Iran, Russia to Imminently Finalize Delivery of S-300 Missile System

August 21, 2015

2 min read

Iran is set to sign a contract next week for delivery of Russian S-300 missiles, the Iranian Defense Ministry announced earlier this week, bringing the Islamic Republic closer to acquiring advanced air defense capabilities.

The S-300, first deployed at the height of the Cold War in 1979, can engage multiple aircraft and ballistic missiles up to 300 kilometers (186 miles) away. It is considered one of the best air defense systems in the world. Russia said it had cancelled an earlier contract with Iran in 2010 under pressure from the West, but President Vladimir Putin reversed the self-imposed ban when an interim nuclear agreement was reached between the P5+1 powers and Tehran in April.

In June, Russian state arms producer Almaz-Antey announced it would supply Iran with a modernized version of the missile once a commercial contract was reached. Iranian Defense Minister Hossein Dehghan was quoted by the Iranian Fars news agency, saying, “The text of the contract is ready and our friends will go to Russia next week to sign the contract.”

The announcement came just one day after Iranian Foreign Minister Mohammad Javad Zarif visited Moscow to discuss the civil war in Syria, in which both Iran and Russia support the Assad regime.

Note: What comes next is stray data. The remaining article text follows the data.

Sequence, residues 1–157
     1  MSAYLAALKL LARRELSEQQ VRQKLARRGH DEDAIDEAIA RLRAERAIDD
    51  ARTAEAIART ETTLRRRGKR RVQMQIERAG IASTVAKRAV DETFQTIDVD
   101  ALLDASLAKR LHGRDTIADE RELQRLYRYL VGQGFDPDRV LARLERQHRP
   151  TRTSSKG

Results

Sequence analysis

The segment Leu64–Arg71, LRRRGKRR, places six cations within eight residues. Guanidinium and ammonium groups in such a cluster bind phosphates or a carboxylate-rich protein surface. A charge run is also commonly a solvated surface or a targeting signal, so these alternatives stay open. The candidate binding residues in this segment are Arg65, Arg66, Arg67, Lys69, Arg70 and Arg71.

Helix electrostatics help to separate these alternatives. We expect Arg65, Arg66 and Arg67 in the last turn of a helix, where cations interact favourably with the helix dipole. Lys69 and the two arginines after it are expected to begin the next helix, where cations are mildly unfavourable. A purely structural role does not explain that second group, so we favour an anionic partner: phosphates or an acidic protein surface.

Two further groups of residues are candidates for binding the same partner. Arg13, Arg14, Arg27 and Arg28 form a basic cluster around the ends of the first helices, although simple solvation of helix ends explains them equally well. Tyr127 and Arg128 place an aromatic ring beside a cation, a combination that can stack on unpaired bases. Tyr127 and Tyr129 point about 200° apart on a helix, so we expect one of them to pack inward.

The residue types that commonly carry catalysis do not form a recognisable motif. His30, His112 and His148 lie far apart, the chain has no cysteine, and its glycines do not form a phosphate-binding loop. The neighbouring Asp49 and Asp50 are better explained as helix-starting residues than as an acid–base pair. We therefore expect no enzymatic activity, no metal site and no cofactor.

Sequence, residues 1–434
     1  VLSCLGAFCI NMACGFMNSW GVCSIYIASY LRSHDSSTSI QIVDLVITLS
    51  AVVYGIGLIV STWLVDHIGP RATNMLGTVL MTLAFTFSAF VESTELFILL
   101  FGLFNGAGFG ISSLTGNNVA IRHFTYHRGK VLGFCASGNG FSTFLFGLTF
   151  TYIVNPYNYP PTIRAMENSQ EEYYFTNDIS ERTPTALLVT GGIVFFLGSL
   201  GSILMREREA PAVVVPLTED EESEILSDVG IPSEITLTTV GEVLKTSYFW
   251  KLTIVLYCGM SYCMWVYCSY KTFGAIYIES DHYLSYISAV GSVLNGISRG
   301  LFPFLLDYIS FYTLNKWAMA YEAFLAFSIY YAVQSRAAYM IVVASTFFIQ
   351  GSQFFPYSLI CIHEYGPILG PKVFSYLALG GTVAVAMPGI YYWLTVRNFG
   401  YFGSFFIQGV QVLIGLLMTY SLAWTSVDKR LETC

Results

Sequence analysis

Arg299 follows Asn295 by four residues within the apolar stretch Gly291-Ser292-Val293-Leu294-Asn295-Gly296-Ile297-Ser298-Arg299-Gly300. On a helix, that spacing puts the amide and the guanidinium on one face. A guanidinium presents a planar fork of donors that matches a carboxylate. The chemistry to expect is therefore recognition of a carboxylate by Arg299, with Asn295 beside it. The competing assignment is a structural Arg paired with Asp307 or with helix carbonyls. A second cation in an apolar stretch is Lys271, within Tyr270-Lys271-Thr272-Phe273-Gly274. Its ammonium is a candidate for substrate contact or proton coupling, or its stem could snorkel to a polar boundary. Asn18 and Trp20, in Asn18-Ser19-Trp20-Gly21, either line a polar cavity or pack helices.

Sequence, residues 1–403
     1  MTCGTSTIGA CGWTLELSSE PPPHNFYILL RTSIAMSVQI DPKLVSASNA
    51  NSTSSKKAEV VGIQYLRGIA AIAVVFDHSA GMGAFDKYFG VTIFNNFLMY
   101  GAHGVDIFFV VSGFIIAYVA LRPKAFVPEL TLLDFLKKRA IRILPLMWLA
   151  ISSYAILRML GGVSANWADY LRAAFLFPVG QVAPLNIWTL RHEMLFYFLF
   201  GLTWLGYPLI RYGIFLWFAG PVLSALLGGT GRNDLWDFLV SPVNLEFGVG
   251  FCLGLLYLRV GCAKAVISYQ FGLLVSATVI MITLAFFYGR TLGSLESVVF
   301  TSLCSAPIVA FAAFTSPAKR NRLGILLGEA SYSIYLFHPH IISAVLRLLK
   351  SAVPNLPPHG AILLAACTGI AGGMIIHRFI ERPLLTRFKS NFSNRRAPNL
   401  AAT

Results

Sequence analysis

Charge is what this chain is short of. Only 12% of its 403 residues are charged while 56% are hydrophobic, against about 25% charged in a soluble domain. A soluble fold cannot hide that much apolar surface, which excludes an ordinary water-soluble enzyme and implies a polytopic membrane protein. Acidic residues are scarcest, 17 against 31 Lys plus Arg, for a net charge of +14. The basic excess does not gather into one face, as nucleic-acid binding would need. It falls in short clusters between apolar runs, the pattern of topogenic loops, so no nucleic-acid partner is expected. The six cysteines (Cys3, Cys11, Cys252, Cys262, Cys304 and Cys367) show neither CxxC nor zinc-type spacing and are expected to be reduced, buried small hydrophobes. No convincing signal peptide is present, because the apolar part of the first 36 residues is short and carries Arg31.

Dehghan said Iran had originally planned to purchase three “battalions” of S-300s, but later increased its order to four. It is unclear how many missile launchers are included in a battalion, which is a military unit that can vary in size from country to country, depending also on the equipment and role of the battalion.

In addition to the S-300 systems, Dehghan also said Iran was in negotiations with Russia to buy fighter jets, likely to replace its aging fleet of mostly American-made planes, especially since tensions between the two countries prevent Tehran from purchasing replacement parts.

On Tuesday, Iranian Vice President Masoumeh Ebtekar told the BBC Iran would continue to support those “threatened by the policies of the Zionist regime,” such as Hezbollah or the Assad regime. She maintained Iran’s right to defend itself, stating the Islamic Republic had no intention of controlling the region.

Ebtekar also revealed that Iran attempted to resolve the current crisis in Yemen by establishing back-channel communications with Saudi Arabia on the matter. Iran supports the Houthi rebels in Yemen, while Saudi Arabia heads the international coalition to stop the rebels and restore the exiled Yemeni government.

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